Beautiful rare birds return to Welsh peatlands

In the Welsh mountains of Eyri in Snowdonia, the return of two bird species signals hope for the area’s wildlife. For the first time in 20 years, the peatlands are home again to the speckled wading birds: the golden plover and the curlew.

Their comeback follows four years of nature-friendly farming and peatland restoration organised by the Royal Society for the Protection of Birds (RSPB) Cymru, National Trust Cymru and the Ritchie family who run a sustainable farm on the moorland.

After hearing the cheeps of their chicks for the first time since the 1990s, Edward Ritchie, of Blaen y Coed farm said: “It’s been great to hear the curlew back at Blaen y Coed. The project has helped provide specialist machinery work for my brother and the results have also allowed for more scattered grazing by the sheep in the area, so we’re pleased with how things have gone.”

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Edward and his brother are National Trust tenants on the Ysbyty Ifan estate, in the Migneint Special Area of Conservation. This internationally significant moorland naturally stores carbon, protects biodiversity, filters water and prevents flooding, but only when kept in a good state.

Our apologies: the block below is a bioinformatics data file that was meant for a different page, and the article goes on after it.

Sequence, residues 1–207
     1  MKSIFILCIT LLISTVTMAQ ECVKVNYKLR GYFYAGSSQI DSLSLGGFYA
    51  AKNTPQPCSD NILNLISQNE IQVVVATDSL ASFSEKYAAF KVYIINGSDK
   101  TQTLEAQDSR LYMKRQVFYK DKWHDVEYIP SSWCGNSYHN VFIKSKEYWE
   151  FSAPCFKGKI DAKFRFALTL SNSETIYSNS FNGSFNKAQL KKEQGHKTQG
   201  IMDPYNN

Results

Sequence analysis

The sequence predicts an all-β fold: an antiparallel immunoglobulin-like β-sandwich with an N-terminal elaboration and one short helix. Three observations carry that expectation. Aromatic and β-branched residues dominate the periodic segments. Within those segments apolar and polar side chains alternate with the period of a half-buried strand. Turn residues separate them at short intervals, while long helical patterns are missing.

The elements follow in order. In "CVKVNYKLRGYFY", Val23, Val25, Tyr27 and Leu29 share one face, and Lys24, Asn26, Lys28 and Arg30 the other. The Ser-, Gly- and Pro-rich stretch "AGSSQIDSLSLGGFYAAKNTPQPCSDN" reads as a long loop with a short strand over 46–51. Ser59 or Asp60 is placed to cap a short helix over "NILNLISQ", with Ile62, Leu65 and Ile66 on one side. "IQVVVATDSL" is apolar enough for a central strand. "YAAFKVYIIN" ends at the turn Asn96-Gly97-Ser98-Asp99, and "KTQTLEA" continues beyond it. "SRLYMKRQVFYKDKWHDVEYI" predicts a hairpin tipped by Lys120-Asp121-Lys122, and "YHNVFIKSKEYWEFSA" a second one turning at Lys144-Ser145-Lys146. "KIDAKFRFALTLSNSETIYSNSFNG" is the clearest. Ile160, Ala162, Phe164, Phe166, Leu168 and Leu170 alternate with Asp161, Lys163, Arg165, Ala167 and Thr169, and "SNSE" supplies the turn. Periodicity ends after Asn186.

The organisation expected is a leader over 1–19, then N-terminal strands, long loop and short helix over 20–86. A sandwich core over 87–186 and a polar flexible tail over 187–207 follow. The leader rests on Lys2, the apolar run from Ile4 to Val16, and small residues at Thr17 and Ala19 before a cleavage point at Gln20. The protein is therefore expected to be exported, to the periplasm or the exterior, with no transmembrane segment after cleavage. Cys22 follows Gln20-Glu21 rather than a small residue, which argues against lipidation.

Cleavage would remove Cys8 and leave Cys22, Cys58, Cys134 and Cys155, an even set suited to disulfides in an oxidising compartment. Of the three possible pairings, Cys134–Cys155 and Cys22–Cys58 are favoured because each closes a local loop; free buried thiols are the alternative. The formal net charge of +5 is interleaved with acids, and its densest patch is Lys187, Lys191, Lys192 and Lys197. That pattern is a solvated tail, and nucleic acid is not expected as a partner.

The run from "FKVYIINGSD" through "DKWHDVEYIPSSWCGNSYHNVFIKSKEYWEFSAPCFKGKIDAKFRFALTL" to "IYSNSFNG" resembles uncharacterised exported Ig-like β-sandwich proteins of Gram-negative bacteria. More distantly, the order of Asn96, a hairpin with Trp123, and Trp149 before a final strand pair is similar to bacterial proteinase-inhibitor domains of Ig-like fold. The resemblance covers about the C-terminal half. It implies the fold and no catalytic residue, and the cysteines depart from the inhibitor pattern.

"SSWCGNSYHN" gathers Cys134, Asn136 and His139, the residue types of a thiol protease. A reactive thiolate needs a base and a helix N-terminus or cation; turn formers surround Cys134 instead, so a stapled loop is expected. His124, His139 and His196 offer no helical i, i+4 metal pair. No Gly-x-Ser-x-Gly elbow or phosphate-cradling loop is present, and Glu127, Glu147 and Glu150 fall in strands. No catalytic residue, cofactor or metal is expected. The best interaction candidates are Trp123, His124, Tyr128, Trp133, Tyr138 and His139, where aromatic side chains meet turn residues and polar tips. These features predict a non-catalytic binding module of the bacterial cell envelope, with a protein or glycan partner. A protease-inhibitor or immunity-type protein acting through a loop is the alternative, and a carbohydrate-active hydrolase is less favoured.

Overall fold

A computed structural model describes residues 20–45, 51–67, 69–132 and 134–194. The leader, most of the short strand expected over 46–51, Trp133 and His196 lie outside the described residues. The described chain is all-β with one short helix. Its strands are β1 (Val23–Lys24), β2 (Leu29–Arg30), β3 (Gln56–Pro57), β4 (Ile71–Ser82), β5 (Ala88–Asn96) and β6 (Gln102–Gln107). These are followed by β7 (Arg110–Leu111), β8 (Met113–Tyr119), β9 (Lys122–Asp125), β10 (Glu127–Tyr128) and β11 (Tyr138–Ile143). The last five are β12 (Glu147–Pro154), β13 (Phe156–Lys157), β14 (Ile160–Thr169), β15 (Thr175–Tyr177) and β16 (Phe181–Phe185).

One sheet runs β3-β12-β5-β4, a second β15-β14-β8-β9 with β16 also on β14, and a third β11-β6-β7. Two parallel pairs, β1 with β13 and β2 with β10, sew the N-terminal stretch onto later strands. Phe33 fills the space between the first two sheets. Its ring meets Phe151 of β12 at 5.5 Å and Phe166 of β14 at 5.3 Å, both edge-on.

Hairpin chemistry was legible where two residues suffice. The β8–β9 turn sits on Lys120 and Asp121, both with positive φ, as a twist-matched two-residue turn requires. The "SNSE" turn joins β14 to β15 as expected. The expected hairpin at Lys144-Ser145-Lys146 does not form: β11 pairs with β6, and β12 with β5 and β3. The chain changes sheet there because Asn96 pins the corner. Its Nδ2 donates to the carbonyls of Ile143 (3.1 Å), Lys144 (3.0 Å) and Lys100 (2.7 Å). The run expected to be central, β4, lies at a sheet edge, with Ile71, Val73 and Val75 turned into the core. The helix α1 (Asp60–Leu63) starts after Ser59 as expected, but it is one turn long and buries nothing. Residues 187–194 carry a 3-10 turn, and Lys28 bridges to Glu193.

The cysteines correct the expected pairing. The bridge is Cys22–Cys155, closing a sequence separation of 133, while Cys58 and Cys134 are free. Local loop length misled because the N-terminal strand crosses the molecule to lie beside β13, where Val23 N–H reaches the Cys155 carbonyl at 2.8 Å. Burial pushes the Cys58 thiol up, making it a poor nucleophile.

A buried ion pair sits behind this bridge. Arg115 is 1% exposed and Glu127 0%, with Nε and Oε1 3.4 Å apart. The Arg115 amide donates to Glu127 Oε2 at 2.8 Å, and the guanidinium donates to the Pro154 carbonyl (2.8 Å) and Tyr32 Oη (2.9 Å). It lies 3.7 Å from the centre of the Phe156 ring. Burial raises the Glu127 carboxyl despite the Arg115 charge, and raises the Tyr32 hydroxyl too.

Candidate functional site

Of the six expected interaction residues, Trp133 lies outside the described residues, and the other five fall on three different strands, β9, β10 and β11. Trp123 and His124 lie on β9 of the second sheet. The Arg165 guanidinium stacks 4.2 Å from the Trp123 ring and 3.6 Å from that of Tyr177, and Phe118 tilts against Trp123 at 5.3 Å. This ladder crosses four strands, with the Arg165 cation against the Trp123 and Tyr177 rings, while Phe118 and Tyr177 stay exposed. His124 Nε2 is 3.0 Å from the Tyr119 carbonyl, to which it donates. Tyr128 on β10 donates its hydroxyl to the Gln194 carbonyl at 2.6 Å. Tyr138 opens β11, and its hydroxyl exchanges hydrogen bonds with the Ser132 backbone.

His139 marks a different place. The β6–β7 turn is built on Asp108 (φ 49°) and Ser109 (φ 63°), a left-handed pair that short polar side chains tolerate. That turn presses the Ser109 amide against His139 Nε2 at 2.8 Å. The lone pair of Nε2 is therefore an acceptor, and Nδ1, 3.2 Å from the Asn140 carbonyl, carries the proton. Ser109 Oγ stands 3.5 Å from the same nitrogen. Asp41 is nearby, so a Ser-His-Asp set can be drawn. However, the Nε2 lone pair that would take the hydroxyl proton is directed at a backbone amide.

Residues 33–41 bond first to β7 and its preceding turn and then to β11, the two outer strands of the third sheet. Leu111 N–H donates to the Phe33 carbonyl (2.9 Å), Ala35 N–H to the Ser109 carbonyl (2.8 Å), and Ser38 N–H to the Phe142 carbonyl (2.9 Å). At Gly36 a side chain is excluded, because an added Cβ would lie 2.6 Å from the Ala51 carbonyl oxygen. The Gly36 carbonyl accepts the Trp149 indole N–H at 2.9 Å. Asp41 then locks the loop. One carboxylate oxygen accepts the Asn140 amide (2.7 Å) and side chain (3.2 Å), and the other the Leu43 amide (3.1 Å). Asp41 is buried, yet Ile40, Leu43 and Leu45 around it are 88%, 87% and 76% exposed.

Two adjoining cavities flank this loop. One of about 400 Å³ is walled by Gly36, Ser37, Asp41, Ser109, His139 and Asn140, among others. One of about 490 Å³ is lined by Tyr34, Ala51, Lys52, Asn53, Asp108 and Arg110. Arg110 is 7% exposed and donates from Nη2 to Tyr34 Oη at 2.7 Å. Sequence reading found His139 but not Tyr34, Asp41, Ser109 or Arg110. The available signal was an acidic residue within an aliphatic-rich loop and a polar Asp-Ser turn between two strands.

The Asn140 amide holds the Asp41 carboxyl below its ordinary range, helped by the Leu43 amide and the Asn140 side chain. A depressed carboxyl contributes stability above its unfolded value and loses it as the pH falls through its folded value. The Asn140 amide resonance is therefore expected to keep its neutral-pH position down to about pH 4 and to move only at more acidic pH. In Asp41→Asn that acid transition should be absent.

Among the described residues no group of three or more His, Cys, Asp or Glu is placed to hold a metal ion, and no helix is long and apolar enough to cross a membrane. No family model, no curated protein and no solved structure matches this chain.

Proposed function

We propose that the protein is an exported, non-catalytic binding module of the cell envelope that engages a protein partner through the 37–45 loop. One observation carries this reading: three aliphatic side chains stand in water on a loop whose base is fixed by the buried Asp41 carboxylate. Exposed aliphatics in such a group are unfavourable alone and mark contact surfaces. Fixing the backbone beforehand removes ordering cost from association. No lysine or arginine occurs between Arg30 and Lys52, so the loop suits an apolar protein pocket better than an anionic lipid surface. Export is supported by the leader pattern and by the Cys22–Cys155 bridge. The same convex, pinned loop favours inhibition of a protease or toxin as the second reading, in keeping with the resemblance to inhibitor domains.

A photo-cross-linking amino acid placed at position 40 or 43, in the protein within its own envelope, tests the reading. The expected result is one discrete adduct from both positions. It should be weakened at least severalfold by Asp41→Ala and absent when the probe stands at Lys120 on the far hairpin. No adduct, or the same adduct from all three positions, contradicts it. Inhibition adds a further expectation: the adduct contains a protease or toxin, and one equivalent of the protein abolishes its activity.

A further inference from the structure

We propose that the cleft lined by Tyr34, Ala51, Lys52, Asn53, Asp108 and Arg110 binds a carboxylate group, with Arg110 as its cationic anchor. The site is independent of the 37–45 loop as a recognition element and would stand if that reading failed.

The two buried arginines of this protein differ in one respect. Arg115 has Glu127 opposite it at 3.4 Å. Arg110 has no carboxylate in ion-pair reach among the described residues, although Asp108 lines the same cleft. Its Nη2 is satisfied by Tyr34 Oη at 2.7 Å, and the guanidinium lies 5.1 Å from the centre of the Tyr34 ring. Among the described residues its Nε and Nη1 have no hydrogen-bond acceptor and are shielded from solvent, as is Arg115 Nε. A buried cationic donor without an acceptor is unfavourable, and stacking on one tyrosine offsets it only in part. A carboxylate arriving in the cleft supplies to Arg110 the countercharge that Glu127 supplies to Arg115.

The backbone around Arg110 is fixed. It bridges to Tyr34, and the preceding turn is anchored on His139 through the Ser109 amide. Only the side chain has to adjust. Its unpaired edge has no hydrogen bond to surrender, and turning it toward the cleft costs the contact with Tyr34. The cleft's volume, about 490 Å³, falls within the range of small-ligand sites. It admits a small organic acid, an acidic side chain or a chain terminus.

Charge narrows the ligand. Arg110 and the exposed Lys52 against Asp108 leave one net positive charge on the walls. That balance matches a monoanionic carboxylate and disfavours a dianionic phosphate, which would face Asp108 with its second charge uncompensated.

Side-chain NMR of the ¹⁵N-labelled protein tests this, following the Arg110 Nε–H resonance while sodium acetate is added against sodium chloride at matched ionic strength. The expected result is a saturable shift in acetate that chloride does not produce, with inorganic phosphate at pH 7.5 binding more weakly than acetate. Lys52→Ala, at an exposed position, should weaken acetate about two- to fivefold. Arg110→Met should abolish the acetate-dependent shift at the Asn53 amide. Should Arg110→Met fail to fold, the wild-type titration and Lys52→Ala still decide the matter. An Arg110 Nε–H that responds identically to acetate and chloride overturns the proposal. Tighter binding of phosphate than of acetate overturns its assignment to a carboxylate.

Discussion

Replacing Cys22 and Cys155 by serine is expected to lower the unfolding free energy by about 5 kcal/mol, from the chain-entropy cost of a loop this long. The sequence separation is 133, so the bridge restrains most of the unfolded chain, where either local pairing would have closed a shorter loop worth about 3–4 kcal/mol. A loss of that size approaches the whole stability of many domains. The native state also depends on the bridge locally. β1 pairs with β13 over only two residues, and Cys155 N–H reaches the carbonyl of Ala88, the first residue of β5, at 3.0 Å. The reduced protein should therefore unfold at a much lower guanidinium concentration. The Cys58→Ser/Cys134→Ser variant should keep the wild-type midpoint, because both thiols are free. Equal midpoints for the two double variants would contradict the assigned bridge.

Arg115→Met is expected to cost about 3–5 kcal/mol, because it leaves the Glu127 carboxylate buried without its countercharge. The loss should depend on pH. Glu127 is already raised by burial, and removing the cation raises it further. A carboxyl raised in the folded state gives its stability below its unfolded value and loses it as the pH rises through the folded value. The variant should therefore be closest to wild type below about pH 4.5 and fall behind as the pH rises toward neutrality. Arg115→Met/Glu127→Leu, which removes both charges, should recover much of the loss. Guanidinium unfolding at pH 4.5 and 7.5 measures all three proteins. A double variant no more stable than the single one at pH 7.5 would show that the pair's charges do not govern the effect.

‘A common goal of nature restoration’

With support from the wildlife organisations and funding from the Wales Peatland Sustainable Management Scheme, run by the Snowdonia National Park Authority, the Ritchie brothers have spent wintertime working hard to rewet the landscape. This involved blocking drainage ditches and erosion gullies and building small dams. Eventually, pools of water started collecting, local species of moss and grass began to return, and finally, this summer the peatland became a breeding ground for the two bird species.

“The transformation we’ve seen through our partnership work on this special landscape is remarkable,” said Dewi Davies, who managed the project. “Where once we had an area of degraded blanket bog, we now have a rich habitat that provides a whole suite of vital ecosystem services.”

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The RSPB hopes that the project’s success will lead to similar initiatives elsewhere in Wales and beyond. Their local senior conservation officer, David Smith, said: “These successes show that working together towards a common goal of nature restoration does work, and it’s been great to see how the Ritchie brothers have succeeded in combining conservation delivery efforts with the everyday task of running their farm business.” 

He added: “It’s a brilliant story that we hope will inspire similar projects in the future.”

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